Dr. Robert Tremblay, MDCM, CFPC
Assistant Chief of Staff
It’s not uncommon to hear residents talk about marriage and having children. Residency corresponds with the age when family planning is becoming an increasingly important issue. However, the timing of these momentous occasions can be particularly tricky in the chaotic life of a physician.
In general, everyone has their own priorities, and you should not rush into marriage or children if you are not ready. Nevertheless, my own personal experience is that both can be very rewarding during residency and it is not always necessary to put them off until you have become “more established.” Here are some things to consider.
Maternity Top-Up Programs for Residents by Province:
British Columbia – 85% first 17 weeks
Alberta – 90% for 17 weeks
Saskatchewan – 90% first 15 weeks
Manitoba – 60% first 17 weeks
Ontario – 84% first 27 weeks
Quebec – 95% first 21 weeks
Maritimes – 75% first 2 weeks then 93% next 15 weeks
Newfoundland – N/A
Starting practice can be very time consuming. As you learn to manage your own patients without the guidance of a supervisor and learn the intricacies of managing an office, the idea of getting married and having children can be daunting. You also need to consider coverage of your practice while you are away on your dream honeymoon or parental leave. Yes, you can try to organize coverage amongst your group or have a locum replace you, but depending on your province, size of your group, type of work and availability of locuming physicians, it is not always easy, or even possible.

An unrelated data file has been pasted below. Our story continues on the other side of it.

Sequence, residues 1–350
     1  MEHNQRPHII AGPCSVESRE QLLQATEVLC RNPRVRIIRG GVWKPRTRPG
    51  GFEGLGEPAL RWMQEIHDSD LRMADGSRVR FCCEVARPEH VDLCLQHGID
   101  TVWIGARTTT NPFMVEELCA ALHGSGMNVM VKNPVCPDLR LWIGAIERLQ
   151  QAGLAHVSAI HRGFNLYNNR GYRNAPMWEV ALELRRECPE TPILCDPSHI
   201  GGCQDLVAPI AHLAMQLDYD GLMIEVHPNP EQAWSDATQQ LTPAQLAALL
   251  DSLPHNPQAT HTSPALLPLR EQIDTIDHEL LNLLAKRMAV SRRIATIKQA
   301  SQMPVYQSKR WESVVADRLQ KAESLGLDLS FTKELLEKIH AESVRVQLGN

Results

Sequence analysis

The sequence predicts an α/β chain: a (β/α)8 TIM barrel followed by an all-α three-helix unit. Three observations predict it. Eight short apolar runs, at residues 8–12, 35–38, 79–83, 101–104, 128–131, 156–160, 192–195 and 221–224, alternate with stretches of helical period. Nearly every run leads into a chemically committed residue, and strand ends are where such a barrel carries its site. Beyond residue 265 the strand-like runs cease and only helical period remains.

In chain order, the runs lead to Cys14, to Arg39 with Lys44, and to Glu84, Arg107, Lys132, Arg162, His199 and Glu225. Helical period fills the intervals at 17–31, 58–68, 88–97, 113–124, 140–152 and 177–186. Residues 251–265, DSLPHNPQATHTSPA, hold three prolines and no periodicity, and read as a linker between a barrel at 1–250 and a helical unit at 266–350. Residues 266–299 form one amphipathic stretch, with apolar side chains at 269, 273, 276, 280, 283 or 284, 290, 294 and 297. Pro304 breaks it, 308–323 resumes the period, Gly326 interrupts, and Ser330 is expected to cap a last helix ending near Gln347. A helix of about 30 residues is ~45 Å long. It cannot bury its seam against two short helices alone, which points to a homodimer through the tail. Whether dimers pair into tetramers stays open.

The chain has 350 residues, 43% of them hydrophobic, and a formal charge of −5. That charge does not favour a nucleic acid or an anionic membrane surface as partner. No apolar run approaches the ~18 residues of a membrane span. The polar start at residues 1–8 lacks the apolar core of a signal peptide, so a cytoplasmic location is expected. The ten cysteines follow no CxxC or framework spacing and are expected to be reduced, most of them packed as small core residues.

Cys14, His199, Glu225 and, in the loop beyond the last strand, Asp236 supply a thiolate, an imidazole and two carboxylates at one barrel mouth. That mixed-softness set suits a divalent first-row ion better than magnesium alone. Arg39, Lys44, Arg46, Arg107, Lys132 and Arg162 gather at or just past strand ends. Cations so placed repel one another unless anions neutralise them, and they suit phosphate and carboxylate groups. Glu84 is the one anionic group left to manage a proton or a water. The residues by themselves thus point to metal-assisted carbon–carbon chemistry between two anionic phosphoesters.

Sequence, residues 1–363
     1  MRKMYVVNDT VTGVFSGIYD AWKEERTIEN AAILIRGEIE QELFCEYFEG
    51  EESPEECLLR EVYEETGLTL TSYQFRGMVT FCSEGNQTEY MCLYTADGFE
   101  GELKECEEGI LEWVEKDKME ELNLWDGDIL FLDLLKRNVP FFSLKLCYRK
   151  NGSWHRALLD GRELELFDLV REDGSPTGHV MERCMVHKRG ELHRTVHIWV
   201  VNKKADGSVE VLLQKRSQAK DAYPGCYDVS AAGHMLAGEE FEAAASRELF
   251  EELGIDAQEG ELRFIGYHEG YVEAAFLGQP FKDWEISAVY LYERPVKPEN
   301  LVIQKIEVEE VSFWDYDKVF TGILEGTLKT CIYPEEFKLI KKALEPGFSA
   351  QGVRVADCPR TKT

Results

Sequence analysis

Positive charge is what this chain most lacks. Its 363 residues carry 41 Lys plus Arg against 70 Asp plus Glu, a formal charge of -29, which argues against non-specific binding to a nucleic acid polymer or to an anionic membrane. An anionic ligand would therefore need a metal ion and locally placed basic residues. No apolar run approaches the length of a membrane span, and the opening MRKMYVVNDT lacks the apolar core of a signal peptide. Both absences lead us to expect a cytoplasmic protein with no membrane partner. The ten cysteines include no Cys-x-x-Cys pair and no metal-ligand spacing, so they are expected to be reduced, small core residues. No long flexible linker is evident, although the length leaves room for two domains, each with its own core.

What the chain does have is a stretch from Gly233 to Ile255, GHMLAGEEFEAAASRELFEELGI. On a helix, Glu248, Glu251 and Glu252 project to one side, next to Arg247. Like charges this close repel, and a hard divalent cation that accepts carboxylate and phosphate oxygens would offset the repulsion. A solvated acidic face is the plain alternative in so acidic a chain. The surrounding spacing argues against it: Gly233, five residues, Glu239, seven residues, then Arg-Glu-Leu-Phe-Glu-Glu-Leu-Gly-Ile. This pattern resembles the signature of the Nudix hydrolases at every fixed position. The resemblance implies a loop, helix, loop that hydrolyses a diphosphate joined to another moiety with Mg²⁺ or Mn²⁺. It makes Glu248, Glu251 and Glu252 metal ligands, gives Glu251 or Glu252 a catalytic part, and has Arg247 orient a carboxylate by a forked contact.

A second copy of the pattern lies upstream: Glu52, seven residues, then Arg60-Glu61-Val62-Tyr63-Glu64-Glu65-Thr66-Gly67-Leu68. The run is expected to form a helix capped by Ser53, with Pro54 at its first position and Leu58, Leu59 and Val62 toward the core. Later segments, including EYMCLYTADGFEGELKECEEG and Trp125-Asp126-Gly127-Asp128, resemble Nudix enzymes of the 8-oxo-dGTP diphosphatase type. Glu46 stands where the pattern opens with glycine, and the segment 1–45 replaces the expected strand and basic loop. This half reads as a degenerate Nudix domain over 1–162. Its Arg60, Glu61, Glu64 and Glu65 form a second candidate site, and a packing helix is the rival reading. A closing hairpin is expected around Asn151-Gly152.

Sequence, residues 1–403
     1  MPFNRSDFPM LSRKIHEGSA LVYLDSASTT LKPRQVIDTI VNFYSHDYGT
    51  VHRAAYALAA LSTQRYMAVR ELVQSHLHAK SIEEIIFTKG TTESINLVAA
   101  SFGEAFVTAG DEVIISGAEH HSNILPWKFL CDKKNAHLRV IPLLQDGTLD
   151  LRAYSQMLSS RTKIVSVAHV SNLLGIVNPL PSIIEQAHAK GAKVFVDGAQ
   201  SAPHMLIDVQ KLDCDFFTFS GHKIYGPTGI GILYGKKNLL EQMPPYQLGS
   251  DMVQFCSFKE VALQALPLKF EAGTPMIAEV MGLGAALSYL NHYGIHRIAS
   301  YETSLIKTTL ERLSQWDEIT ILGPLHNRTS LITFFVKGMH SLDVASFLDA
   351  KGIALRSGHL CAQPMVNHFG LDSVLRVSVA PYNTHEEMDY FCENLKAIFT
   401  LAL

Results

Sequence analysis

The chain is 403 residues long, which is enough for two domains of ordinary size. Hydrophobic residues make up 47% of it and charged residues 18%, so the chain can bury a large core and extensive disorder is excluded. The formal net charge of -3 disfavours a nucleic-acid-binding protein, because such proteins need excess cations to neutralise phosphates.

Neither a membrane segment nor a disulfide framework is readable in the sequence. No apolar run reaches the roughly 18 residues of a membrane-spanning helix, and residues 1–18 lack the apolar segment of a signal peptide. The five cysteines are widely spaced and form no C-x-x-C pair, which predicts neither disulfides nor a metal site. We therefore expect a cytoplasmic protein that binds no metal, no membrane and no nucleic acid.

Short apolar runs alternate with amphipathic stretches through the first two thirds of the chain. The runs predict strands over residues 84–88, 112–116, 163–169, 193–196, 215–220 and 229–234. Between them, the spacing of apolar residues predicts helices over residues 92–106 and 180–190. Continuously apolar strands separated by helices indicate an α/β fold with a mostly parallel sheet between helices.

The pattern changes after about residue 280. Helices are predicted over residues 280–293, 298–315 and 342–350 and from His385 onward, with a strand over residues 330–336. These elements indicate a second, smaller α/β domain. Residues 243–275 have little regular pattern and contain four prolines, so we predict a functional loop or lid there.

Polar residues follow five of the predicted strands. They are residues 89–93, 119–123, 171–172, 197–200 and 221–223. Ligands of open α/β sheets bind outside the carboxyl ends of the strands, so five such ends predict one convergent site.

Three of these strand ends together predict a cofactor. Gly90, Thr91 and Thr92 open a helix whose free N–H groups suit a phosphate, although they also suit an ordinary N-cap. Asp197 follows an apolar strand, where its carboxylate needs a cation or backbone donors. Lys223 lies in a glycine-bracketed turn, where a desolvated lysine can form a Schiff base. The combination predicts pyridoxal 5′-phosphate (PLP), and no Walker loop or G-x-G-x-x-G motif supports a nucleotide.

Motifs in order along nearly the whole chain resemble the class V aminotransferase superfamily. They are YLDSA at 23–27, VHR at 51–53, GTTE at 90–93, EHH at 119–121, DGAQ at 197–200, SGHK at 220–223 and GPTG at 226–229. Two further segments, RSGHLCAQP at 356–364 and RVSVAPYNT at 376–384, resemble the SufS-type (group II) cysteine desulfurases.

In contrast, residency programs are designed to be flexible. They function whether you are present or not, such as when you leave for two months on a rural rotation or go to work in another centre. When taking an extra week off for your honeymoon or an extended period for maternity leave, you can rest assured that your patients will be cared for and you do not need to worry about any of the administrative burden.
Another consideration is your income while you are on parental leave. In general, most provincial programs cover your salary to 55% for 15 weeks of maternity leave and 35 weeks of parental leave (maximum insured salary of $51,300). So, whether you are a PGY2 making $60,000 or a full-time physician making $200,000, you would receive $543 per week. Thus, the potential revenue lost as a staff is significantly greater than as a resident. These figures also exclude the top-up programs that are provided by residency programs and the benefits such as medical insurance which you would continue to receive.